Inspector Legris (Francis De Wolff) asks Dr. Gerrard for assistance in his investigation of Dr. Bonnet.

There is one final unfortunate casting detail that I feel I must point out.  Character actor Michael Ripper was as much a mainstay of Hammer as Peter Cushing and Christopher Lee.  Ripper appeared in more Hammer films than any other actor and never failed to give a memorable performance.  In The Man Who Could Cheat Death, Ripper was cast as a morgue attendant.  Press material for the film back up this assertion.  However, there is no morgue scene in the picture and Michael Ripper does not appear.  It must be assumed that this scene was left on the cutting-room floor.

Character actor Barry Shawzin plays an alcoholic and shaky-handed surgeon in a scene that, fortunately, was not cut.

Lest I leave you with a bad impression of The Man Who Could Cheat Death, if you can get past the what-might-have-beens, it is not a bad film.  As I already mentioned, more action sequences would have helped dilute the excessive dialogue.  There is also the feeling that the producers ran out of time and/or budget as the ending is very abrupt.   On the other hand, the entire picture creates a gorgeous visual.  The Man Who Could Cheat Death also contains enough of the little nuances that Hammer fans have come to expect.  The movie is populated by numerous character actors (most uncredited due to the film’s strange lack of final cast list) in enjoyably quirky roles.  In between surgeries, Dr. Bonnet partakes in a diabolically-bubbling, green elixir to stave off the effects of his extreme age.  Better yet, the symptoms of being overdue for a dose of the mysterious liquid include bulging eyes, green skin, rage, and, inexplicably, the ability to burn human flesh with a mere touch.  The film is not a shining star in the Hammer catalogue nor even one of its hidden gems but it is a fun and entertaining diversion.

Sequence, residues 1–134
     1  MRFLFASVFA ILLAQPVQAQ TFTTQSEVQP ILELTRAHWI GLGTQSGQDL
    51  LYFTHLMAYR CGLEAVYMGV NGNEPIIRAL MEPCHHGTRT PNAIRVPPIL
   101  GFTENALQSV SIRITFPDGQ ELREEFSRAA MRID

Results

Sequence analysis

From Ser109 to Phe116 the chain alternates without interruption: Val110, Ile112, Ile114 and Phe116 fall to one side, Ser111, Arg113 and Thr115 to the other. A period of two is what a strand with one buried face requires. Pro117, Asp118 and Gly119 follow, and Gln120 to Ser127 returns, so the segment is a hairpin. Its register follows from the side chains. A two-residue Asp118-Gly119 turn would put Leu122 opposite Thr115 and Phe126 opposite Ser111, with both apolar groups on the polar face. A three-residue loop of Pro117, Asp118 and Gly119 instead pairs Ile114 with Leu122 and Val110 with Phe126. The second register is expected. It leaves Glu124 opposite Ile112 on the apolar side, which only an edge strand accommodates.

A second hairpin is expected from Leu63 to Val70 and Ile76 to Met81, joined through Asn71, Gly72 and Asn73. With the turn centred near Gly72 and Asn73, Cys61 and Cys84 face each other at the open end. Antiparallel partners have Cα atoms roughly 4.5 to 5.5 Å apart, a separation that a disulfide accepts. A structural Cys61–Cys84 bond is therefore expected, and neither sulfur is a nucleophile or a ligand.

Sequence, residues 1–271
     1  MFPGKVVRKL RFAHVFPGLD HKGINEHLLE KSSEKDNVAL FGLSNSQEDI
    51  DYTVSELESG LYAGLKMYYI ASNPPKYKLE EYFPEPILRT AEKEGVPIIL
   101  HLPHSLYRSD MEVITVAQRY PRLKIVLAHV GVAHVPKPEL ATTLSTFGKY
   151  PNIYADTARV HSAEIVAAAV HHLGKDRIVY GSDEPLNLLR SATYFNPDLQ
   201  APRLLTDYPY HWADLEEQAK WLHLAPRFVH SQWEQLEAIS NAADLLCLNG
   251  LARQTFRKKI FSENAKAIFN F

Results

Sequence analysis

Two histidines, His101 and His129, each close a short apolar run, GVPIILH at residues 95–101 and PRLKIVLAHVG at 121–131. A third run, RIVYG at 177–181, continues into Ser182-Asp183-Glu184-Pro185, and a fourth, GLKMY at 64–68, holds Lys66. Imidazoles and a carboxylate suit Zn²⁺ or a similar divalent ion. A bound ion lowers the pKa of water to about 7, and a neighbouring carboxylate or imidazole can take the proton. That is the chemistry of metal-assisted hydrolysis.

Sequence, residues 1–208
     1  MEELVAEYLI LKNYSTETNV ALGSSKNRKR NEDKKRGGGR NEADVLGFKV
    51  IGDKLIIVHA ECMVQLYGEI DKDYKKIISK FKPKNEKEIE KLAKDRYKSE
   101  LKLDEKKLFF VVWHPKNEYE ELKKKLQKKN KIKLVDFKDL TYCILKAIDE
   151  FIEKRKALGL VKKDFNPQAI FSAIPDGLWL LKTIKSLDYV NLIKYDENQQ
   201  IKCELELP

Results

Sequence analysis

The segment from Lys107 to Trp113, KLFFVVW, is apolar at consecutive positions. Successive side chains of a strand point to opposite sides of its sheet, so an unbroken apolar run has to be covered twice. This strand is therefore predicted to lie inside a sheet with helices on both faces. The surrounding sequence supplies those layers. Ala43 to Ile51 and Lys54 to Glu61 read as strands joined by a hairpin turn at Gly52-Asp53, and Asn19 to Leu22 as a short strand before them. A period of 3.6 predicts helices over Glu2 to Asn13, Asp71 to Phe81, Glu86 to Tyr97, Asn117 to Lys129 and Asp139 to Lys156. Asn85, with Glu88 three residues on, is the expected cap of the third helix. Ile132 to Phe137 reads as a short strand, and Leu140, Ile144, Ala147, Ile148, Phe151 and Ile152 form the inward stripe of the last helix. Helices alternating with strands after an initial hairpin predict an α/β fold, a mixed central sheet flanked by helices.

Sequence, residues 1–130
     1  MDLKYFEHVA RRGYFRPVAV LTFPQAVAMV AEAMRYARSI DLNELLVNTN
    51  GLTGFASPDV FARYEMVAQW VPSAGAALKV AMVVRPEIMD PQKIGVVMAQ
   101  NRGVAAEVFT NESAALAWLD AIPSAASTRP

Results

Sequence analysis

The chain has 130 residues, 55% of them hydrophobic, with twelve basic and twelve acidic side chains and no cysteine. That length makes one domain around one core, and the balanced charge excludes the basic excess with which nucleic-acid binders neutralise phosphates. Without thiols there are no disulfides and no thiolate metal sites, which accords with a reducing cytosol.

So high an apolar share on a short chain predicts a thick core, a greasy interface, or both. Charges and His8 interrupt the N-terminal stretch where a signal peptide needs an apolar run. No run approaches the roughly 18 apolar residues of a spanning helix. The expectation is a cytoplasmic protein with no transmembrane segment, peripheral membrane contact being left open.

Dr. Bonnet needs his fix.

The Man Who Could Cheat Death (1959) Directed by Terence Fisher; Written by Jimmy Sangster; Based on the play The Man in Half Moon Street by Barré Lyndon; Starring Anton Diffring, Hazel Court, Christopher Lee, Arnold Marlé, & Delphi Lawrence; Available on Blu-Ray from Kino Lorber.

This is my contribution to The Christopher Lee Blogathon.  My perpetually youthful ally on this site has also concocted an article for the blogathon here.  Please check out some of the other contributors by clicking on the image below.  Our thanks to Cinematic Catharsis and RealWeegieMidget Reviews for allowing us to reveal our true selves.

(Some historical information for this article was sourced from historian Troy Howarth’s commentary on the Kino Lorber Blu-Ray release of The Man Who Could Cheat Death.)

20 thoughts on “The Men Who Should Have Cheated Death

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    1. Cushing or Lee in the lead would have definitely raised up the film but it was still fun and a beautiful watch. Lesser Hammer is still quality entertainment.

      Thanks for having us, Gill. We always enjoy participating in your blogathons.